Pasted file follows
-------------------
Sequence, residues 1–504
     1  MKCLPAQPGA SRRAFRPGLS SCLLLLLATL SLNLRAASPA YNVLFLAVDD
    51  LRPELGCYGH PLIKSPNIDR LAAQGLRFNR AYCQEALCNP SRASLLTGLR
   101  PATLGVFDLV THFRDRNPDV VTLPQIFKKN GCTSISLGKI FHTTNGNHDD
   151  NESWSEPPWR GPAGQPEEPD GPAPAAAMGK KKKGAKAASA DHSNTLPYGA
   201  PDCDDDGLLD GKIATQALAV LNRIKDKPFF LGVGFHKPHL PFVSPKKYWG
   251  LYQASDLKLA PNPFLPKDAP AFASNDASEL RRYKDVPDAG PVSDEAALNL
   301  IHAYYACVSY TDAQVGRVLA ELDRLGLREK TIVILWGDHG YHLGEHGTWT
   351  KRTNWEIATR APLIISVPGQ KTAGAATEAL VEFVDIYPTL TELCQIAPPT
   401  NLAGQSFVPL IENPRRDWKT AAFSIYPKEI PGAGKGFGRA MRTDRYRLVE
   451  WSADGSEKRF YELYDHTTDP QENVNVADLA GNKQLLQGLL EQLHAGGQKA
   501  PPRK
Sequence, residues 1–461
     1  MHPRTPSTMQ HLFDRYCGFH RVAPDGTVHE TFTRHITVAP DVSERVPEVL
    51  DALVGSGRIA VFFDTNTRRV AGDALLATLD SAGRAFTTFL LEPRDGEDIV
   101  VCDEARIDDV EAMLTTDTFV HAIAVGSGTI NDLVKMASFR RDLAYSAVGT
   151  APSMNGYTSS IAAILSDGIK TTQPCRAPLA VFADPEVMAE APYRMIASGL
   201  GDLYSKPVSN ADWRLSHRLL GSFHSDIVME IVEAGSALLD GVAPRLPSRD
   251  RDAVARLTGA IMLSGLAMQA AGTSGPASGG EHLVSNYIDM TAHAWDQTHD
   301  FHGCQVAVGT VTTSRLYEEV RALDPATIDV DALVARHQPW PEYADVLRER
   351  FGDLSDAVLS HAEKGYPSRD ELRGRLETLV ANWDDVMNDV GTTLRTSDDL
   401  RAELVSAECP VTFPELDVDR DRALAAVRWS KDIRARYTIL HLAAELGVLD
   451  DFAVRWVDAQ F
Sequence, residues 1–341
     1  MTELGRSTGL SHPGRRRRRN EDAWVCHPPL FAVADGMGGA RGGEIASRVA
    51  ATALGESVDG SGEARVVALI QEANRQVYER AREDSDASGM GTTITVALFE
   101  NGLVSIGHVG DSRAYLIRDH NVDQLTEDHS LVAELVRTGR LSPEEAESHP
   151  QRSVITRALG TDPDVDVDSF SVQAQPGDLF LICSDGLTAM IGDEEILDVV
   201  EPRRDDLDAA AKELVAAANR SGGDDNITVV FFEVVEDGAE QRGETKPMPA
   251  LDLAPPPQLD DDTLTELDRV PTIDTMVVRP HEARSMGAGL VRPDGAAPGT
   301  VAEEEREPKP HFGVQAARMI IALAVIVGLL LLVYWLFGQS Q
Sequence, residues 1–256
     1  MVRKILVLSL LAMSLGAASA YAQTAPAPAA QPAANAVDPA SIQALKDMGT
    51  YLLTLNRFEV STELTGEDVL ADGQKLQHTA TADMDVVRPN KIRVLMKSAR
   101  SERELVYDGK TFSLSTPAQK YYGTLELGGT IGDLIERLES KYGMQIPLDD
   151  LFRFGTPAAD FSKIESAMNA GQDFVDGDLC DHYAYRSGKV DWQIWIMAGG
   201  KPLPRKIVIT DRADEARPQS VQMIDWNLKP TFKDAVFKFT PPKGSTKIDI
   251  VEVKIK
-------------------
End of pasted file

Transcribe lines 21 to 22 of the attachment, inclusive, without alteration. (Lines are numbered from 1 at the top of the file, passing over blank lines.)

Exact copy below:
   351  FGDLSDAVLS HAEKGYPSRD ELRGRLETLV ANWDDVMNDV GTTLRTSDDL
   401  RAELVSAECP VTFPELDVDR DRALAAVRWS KDIRARYTIL HLAAELGVLD